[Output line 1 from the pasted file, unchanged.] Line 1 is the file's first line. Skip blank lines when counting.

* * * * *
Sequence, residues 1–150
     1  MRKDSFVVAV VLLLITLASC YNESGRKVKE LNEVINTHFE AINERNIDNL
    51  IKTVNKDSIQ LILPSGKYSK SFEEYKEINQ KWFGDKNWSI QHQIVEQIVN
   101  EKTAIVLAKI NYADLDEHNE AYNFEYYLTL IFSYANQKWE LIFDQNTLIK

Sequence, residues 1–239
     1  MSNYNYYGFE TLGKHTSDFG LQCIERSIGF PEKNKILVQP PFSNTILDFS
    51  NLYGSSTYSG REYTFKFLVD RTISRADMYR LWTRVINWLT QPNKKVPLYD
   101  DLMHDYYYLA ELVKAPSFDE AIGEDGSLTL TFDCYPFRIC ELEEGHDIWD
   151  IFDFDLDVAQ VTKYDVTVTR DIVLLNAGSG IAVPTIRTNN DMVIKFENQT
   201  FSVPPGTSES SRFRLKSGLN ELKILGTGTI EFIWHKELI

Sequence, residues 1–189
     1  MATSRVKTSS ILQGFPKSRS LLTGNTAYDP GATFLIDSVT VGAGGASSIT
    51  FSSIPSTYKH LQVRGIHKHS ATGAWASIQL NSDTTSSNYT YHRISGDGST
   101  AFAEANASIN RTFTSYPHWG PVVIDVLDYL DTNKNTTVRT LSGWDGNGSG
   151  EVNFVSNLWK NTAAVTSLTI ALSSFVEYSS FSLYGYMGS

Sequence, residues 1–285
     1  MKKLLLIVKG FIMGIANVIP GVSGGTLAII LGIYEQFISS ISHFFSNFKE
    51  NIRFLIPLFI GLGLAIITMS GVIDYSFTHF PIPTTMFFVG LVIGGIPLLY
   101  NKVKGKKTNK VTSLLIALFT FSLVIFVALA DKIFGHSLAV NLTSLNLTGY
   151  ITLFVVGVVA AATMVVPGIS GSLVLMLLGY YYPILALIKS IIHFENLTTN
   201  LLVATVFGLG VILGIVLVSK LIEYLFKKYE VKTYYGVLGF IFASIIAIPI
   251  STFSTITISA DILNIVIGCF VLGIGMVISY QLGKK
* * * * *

Sequence, residues 1–150